A common problem at Rutgers, The State University of New Jersey, is the availability of transportation. Students must commute to their classes, which can be located on five campuses consisting of College Avenue, Busch, Livingston, Cook, and Douglass. As a student without access to a car, I heavily rely on my bicycle. However, due to New Brunswick’s limited biking lanes, I have difficulties commuting to both my work at Rutgers Gardens and between campuses. Safety, limited paths, unclear and inefficient routes deter me, and many other students, from biking in New Brunswick. Biking provides an environmentally friendly mode of transportation along with physical and fun activity for the whole community and should be a common initiative in many towns and cities. If Rutgers, The State University of New Jersey, implemented more biking lanes and wider paths, the community, the health of residents, and the congested buses would all improve.
Many students complain about the congested buses and New Brunswick traffic. Traffic and crowded buses is a common stress for students and professors. This stress can be alleviated with an enhanced New Brunswick biking plan because it would expand transportation options. Personally, I would choose biking over squishing and squeezing onto the bus for my 5:15pm class on College Avenue from Douglass, but I also worry about my safety on the congested and narrow shared-use paths. And although the university has initiatives, such as BikeRU, New Brunswick simply does not provide sufficient bike lanes. BikeRU provides bike programs such as, bike rental called RUDOTS, and the bike exchange. These programs are beneficial and help students gain access to bikes, however the larger problem is implementation and the access to bike routes.
Below the Rutgers Bike Map depicts the current routes for biking on Cook and Douglass Campus. The routes between campuses and transportation are limited and inefficient. The shared use paths are popular on the Cook/Douglass Campus, but the roads, especially in temperamental weather, are too congested for safe biking. Many of the streets highlighted on this map have consistent traffic and are not wide enough for biking to be appealing to the students. Instead, students flock towards the overcrowded buses, ensuing the common fight and struggle to get on a bus at certain stops, notably College Hall on Douglass Campus.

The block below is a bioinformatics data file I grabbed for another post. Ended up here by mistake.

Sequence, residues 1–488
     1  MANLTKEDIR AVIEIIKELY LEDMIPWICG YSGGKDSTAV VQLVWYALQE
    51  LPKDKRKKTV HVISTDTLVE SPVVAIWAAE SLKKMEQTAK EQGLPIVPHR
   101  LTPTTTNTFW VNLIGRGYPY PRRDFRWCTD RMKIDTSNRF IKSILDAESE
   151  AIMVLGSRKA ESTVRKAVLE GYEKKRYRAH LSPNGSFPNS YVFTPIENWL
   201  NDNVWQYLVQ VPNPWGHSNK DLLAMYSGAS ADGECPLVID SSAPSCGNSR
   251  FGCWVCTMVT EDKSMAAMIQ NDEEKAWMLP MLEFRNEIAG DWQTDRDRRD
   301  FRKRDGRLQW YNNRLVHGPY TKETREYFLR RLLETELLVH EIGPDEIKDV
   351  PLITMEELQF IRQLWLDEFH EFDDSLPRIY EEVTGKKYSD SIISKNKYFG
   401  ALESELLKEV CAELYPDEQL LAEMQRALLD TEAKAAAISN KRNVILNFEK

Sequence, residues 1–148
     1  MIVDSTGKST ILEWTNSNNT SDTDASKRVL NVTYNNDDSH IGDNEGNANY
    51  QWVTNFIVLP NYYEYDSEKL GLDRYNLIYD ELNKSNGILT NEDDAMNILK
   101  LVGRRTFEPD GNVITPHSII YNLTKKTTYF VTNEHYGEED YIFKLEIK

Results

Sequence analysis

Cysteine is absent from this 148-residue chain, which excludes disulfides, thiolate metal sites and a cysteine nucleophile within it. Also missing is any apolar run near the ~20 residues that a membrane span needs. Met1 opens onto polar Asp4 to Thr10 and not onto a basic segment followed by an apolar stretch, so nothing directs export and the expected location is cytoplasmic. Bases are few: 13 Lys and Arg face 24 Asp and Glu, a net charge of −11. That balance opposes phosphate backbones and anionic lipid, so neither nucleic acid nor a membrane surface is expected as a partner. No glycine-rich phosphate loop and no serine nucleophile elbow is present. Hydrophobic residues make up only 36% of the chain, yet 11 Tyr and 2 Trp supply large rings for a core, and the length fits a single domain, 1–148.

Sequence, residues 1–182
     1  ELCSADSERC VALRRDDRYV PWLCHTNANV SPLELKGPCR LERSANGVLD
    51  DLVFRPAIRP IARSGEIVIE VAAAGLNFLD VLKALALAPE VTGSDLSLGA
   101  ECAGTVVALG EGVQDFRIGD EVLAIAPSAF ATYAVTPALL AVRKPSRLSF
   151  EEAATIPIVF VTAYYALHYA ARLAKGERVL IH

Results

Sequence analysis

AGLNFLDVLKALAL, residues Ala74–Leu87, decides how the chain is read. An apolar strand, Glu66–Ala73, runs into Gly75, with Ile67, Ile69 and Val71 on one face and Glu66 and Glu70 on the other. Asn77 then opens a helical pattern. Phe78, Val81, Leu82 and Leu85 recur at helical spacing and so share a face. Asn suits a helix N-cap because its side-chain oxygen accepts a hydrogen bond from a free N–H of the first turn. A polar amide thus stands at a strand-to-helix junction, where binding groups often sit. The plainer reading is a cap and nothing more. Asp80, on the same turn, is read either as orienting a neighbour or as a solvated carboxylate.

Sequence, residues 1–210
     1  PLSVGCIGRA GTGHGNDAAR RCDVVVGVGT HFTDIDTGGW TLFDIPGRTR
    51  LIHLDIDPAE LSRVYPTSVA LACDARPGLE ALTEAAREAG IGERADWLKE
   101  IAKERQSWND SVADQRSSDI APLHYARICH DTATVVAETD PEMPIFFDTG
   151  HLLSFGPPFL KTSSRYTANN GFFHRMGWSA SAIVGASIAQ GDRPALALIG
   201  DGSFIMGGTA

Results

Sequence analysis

Compared to Rutgers’ bike map, at the nearby university, Princeton University, the campus incorporates a wider array of bike paths and walkways for the students. As seen below, Princeton University campus map provides clear routes, paths, and bike racks. Additionally, personally, I have biked on the paths at Princeton and can attest to the convenience of a truly bike-friendly campus.
Although there have been recent improvements of New Brunswick bike paths, there are still areas that need improvement, specifically bike routes from Cook/Douglas to College Avenue. A September article in the “The Daily Targum” states that New Brunswick is considering constructing a bike lane from College Avenue campus to Douglass campus via Neilson Street. This would be a large step towards a more bike-friendly community. Moreover, stated in the New Brunswick Master Plan, it “supports the creation of improved bicycle circulation between the College Avenue and Cook/Douglass Campuses. The provision of improved bicycle circulation in a corridor linking the New Brunswick campuses of Rutgers University should be pursued.” Fortunately, the community and municipalities are aware of the biking options and areas that need improvement, but now students, residents, and bikers must unite and encourage safer, more accessible bike transportation in New Brunswick. Rutgers, The State University of New Jersey and New Brunswick can help provide for a more sustainable, healthier city through planning for more efficient, safer bike routes.